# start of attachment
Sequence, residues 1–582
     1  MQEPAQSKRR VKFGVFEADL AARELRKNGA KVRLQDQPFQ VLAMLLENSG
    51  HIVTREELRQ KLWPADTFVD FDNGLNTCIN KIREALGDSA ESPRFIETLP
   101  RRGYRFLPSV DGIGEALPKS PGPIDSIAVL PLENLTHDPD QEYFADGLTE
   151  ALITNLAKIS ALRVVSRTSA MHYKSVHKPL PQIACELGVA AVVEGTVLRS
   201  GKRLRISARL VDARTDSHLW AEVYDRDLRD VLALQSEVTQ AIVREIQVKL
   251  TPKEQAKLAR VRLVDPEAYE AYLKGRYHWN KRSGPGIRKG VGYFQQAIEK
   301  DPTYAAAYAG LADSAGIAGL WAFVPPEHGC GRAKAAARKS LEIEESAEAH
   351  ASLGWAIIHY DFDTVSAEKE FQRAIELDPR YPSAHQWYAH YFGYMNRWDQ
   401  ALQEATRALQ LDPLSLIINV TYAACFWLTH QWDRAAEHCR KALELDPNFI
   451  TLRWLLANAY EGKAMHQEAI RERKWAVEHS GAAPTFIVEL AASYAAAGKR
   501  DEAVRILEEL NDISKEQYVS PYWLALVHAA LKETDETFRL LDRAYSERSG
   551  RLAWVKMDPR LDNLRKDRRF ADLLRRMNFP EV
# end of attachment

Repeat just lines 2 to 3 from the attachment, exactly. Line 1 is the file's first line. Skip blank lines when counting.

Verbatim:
     1  MQEPAQSKRR VKFGVFEADL AARELRKNGA KVRLQDQPFQ VLAMLLENSG
    51  HIVTREELRQ KLWPADTFVD FDNGLNTCIN KIREALGDSA ESPRFIETLP